The conflict in South Sudan spread to the formally-peaceful Greater Equatoria region last year, causing mass displacement. Many left for neighbouring Uganda, whilst some fled to the relative safety of Juba. This influx of Internally Displaced People (IDPs) to the capital city has placed a large strain on resources and services, including schools. In many schools, facilities are stretched to the max.
The Head Teacher of Juba Day Secondary School, George Kenyi, has welcomed in a large number of IDP children under the belief that “all children must go to school”. BBC Media Action radio producer, Catherine, went to the school to speak to students about the sudden strain placed on the school.
Catherine also spoke to a student at Juba Day SS, Grace, who was recently displaced from Kajo Keji. When she arrived in Juba, she was desperate to get back to school to learn and enrolled as fast as she could. She appreciates the warm welcome offered by the school, but she’s aware of the lack of resources that are affecting the quality of teaching and learning. She noted that some people sit outside the classroom because there is no space inside, and that there is an acute lack of gender-segregated toilets, so she often has to use the boys toilet, which makes her feel uncomfortable.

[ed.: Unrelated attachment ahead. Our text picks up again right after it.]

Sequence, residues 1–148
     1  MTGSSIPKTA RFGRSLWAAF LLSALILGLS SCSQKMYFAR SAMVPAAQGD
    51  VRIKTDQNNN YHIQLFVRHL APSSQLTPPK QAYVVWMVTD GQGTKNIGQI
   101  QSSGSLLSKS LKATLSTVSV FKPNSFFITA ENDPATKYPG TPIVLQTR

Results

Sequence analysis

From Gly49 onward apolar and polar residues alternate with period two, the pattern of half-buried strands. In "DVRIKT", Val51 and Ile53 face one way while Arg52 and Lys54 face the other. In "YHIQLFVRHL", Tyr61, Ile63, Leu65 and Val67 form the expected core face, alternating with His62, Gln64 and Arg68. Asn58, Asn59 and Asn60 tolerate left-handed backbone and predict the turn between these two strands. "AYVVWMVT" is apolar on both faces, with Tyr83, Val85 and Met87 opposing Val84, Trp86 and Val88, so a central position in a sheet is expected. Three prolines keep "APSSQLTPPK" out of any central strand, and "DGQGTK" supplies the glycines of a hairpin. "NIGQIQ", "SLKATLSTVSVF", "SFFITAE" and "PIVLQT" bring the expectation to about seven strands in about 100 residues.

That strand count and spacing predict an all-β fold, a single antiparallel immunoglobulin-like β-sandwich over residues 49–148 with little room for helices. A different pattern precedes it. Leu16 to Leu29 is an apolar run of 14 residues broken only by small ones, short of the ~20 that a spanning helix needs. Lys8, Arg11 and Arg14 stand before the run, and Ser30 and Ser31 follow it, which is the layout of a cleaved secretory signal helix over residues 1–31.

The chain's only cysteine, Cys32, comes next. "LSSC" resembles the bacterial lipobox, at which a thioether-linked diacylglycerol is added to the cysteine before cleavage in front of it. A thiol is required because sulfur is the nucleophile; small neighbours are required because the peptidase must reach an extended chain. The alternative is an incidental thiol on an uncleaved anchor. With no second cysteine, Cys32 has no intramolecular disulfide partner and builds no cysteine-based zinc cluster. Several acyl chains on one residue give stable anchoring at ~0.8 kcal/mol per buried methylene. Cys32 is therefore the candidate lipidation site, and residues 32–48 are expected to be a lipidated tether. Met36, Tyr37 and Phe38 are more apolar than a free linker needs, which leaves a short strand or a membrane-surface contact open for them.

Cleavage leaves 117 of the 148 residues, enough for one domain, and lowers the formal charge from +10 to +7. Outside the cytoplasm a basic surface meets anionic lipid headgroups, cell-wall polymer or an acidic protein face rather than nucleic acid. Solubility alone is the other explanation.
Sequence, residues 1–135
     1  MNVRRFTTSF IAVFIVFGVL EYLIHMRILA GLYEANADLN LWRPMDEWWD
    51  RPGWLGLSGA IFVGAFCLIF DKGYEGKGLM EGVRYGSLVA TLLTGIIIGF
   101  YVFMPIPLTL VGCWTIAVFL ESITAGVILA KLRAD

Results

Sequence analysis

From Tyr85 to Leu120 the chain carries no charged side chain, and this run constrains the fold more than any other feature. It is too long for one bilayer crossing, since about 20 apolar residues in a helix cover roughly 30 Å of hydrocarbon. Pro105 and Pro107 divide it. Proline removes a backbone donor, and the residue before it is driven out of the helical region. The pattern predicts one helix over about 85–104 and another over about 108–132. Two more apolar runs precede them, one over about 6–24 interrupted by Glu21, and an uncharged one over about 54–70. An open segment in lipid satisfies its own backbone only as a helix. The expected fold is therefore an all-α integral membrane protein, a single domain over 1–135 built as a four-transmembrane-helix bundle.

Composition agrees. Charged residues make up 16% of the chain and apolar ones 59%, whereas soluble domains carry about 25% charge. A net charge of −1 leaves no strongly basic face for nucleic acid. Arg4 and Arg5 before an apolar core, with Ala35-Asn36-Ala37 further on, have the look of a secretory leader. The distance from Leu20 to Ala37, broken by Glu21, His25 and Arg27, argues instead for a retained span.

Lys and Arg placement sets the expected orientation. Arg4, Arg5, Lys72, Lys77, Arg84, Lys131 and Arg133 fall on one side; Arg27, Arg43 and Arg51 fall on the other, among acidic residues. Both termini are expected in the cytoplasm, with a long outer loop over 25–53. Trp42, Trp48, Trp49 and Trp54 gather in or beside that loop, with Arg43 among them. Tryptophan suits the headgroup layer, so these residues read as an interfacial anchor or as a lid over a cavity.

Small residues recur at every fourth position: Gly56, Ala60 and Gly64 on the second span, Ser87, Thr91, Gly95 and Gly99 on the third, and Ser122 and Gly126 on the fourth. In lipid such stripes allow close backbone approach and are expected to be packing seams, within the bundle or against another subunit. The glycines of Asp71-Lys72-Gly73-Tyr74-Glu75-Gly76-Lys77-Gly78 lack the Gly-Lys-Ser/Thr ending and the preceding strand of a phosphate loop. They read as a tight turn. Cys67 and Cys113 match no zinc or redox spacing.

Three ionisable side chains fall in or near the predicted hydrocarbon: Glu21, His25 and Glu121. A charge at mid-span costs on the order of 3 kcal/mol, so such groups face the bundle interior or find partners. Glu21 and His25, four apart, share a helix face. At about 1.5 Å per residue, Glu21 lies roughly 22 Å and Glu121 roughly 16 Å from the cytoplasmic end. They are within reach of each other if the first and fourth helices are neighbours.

This radio show was produced in Juba Arabic as part of the Our School series, which has been broadcast weekly across South Sudan since April 2014. The show is now broadcasting on 29 local and national stations in 9 languages. Our School highlights the benefits of girls staying in school, and offers advice on solving practical challenges such as travelling to school safely and budgeting for school fees. Interviewees act as role models who explain why education is important to them, and how they overcome obstacles. The radio programme also acts as an interactive feedback platform, with presenters inviting listeners to send text messages and call into open phone-line discussions to discuss their own education experiences.
This radio show will soon be uploaded onto our website. Until then, you can listen to previous episodes, and read the corresponding English script, here.